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January 15, 2012

EmpiriStat is Seeing Red

February is American Hearth Month. The Heart Truth awareness effort which was kicked off this year on February 3, 2012 with the annual National Wear Red Day, is aimed at getting people, particularly women, to express their personal commitment to heart healthy lifestyles. The Heart Truth created and introduced the Red Dress as the national symbol for women and heart disease in 2002 to deliver an urgent wake-up call to American Women.


Heart disease kills more women than all cancers combined. According to the United States Department of Health and Human Services (HHS), today, nearly 43 million women are living with or are at risk for heart disease. Women who suffer from heart attacks are more likely to die from heart disease within a year than men, but are less likely to receive recommended care.
The Heart Truth campaign is sponsored in the United States by the National Heart, Lung, and Blood Institute. In Canada, a similar campaign is sponsored by the Heart and Stroke Foundation of Canada. Former First Lady Laura Bush has been the ambassador for the Heart Truth since 2003.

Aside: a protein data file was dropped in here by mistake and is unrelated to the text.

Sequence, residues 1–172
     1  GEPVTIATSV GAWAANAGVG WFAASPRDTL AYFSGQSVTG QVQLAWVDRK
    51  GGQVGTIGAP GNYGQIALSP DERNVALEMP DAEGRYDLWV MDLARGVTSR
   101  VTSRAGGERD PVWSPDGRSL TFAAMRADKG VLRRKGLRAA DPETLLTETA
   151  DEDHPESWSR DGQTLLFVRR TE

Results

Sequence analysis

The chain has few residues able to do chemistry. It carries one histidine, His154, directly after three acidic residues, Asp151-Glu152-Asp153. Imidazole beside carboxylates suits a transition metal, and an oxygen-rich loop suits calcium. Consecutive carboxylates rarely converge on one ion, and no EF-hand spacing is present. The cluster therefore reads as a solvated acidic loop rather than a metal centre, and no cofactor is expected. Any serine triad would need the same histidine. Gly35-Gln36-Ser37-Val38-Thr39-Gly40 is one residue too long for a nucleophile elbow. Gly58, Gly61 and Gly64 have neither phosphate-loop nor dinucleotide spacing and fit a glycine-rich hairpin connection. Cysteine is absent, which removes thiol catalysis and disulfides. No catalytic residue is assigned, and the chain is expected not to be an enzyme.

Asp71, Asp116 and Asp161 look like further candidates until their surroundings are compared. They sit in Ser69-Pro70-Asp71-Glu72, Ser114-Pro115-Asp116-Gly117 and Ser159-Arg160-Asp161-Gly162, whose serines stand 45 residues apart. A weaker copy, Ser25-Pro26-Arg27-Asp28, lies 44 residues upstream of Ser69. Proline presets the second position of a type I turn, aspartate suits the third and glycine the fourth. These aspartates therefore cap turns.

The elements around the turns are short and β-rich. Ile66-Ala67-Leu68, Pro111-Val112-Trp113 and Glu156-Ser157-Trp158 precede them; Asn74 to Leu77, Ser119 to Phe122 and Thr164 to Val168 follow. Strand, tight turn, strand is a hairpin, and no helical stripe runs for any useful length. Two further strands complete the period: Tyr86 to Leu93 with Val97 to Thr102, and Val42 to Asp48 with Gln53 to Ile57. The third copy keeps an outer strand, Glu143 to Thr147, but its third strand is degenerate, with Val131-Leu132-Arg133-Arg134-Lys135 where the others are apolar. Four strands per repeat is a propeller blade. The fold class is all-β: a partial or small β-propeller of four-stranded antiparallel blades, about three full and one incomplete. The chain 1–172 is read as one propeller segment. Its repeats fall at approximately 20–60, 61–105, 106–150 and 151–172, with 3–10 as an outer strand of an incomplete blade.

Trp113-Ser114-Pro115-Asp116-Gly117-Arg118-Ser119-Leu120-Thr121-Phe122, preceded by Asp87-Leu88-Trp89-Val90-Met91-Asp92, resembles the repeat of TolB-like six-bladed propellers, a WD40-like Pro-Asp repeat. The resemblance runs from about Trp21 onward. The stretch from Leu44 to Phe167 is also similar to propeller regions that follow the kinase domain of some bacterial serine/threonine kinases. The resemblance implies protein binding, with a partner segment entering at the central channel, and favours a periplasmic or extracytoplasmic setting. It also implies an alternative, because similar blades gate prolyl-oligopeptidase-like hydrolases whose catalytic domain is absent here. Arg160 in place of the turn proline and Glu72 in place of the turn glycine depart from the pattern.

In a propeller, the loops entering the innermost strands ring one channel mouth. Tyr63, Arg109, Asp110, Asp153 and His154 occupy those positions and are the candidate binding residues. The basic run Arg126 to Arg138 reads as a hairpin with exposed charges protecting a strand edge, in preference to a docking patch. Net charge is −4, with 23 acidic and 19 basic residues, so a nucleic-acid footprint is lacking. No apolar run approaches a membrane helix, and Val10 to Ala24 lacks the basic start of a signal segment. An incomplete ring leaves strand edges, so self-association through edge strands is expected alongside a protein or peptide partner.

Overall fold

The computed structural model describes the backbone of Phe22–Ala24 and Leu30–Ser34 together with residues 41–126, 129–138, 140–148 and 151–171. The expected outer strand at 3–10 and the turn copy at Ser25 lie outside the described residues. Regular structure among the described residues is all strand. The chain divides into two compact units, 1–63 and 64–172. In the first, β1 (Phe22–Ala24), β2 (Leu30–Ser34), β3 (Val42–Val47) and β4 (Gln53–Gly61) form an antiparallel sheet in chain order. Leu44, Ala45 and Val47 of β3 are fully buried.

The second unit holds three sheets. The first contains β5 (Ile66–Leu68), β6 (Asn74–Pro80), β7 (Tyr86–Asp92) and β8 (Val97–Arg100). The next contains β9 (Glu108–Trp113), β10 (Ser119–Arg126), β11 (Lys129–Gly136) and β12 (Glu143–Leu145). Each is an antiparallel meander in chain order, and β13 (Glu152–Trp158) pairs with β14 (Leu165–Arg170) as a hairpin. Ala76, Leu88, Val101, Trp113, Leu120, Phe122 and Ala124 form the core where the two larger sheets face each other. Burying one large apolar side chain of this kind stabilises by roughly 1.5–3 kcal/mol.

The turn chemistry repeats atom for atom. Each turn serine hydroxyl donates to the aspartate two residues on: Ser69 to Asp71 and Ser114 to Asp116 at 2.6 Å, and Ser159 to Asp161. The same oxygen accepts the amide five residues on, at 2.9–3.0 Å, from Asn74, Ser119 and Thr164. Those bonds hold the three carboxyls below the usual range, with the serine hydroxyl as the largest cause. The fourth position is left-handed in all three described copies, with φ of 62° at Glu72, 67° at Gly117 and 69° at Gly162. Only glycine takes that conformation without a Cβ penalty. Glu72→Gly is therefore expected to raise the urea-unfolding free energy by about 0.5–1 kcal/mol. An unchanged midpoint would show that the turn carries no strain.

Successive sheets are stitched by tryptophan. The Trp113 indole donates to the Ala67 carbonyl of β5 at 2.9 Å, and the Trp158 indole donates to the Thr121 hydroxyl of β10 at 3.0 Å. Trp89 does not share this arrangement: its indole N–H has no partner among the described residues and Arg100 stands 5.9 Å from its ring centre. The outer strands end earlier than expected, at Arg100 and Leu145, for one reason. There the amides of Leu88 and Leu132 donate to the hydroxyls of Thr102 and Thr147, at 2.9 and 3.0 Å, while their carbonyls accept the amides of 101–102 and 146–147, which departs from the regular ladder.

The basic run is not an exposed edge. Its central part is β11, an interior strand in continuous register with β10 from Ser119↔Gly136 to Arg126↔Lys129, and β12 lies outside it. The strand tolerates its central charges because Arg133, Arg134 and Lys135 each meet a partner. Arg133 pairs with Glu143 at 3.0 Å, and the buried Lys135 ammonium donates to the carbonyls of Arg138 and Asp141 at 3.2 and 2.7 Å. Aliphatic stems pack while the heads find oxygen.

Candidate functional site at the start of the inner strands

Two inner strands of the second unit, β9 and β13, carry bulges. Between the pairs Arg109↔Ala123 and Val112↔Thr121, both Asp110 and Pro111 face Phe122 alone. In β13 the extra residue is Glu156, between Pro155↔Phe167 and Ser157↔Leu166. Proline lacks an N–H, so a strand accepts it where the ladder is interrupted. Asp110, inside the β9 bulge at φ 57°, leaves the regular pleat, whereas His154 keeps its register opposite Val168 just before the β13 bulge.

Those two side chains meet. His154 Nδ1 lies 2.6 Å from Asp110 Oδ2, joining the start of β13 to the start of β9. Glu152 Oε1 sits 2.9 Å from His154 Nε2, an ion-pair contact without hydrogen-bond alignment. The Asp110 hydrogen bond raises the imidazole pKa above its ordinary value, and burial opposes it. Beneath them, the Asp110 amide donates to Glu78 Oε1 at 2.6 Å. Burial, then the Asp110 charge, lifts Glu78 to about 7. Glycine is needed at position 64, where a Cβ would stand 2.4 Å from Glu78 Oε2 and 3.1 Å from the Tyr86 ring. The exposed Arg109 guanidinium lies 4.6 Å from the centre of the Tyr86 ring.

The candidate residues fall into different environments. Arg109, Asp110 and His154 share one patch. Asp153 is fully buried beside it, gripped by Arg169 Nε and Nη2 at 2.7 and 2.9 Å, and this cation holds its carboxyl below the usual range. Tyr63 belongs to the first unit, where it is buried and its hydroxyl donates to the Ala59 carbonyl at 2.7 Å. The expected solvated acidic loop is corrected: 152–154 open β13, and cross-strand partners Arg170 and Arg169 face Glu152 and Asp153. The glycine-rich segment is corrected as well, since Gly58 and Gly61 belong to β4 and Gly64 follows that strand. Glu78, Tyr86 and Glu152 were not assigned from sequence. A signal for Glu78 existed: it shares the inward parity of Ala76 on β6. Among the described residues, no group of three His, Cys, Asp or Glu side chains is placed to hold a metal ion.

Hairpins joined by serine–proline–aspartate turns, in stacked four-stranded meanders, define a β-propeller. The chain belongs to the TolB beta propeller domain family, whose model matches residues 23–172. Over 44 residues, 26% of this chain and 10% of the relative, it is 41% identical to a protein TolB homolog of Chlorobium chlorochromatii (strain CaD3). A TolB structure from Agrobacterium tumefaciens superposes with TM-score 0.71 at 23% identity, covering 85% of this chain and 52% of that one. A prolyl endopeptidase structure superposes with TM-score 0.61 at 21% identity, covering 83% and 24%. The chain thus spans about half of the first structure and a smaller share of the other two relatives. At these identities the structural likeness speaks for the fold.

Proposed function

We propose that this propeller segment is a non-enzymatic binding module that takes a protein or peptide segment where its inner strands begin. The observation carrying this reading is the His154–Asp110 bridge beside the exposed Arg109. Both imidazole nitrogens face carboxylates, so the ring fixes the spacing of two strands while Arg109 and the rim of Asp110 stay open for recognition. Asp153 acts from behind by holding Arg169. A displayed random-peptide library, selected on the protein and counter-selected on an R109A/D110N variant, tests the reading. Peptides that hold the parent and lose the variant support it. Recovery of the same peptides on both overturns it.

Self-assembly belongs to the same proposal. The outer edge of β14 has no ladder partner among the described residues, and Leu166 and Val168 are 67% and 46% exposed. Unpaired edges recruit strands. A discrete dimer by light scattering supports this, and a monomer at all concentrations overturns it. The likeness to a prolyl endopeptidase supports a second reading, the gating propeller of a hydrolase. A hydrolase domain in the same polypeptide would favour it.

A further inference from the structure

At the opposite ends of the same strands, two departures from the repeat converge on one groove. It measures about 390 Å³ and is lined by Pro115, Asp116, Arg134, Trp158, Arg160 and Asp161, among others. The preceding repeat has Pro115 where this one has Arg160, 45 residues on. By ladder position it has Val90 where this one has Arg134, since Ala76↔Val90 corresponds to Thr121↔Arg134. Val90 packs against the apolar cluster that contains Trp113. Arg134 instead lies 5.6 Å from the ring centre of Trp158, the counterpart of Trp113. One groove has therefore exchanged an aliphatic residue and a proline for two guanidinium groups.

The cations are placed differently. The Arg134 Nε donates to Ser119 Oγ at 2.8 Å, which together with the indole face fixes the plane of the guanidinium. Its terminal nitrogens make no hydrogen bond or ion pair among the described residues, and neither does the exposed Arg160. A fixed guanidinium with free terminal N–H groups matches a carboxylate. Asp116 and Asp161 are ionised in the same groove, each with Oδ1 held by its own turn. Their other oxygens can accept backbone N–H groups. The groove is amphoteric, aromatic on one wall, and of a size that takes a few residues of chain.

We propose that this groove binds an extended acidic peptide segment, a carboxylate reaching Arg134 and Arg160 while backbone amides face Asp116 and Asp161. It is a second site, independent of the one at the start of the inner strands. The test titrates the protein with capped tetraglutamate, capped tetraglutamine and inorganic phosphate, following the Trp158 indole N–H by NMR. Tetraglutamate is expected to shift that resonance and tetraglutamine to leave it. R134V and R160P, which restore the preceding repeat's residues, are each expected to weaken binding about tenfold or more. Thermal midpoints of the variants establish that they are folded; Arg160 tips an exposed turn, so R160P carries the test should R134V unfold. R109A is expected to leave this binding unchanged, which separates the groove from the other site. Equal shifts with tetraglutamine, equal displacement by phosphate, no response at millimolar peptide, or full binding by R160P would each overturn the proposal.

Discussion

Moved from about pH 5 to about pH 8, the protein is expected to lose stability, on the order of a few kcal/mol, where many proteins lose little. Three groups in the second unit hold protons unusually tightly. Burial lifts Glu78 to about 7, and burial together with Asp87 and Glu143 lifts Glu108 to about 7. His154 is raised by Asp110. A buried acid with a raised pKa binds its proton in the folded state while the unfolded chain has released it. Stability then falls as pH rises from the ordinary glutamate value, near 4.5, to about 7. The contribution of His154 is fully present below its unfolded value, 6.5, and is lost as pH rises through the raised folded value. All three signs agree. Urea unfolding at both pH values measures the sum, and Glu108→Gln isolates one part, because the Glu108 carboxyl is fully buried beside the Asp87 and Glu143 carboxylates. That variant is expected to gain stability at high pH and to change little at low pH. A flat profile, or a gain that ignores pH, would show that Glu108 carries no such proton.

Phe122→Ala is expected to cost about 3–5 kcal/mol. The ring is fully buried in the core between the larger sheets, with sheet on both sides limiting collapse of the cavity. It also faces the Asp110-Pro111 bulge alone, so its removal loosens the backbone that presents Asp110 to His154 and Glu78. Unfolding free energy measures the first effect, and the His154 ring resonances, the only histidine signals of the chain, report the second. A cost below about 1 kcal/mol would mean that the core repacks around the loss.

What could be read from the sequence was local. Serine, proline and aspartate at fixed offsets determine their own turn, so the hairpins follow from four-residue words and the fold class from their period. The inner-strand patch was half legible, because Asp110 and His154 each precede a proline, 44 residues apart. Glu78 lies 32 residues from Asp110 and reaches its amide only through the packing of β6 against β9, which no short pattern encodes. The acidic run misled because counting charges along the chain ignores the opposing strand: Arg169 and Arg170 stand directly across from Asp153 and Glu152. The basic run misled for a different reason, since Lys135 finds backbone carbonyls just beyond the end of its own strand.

American Heart Month includes other efforts also. Launched in September 2011, also by the HHS, Million HeartsTM is a national initiative aimed to prevent one million heart attacks and strokes over the next five years (2016). The public-private partnership, co-led by the Centers for Disease Control and Prevention (CDC) and the Center for Medicare and Medicaid Services (CMS) is integrating and amplifying a range of existing heart disease and stroke prevention programs, policies, and activities.
The American Heart Association suggests that individuals, in particular those without specific symptoms, consult with their physician to find out what tests should be taken. In a recent interview with news media, American Heart Association spokesperson Dr. Marissa Wood said that “If you do a test like a stress test in someone who doesn't have any symptoms, then you are more likely to get a false-positive test than a true positive” (Read more). False alarms could further trigger more unnecessary tests, which often carry significant risks.
For more information on National Wear Red Day/Go Red for Women, please check out
For more information on the CDC’s efforts, please see

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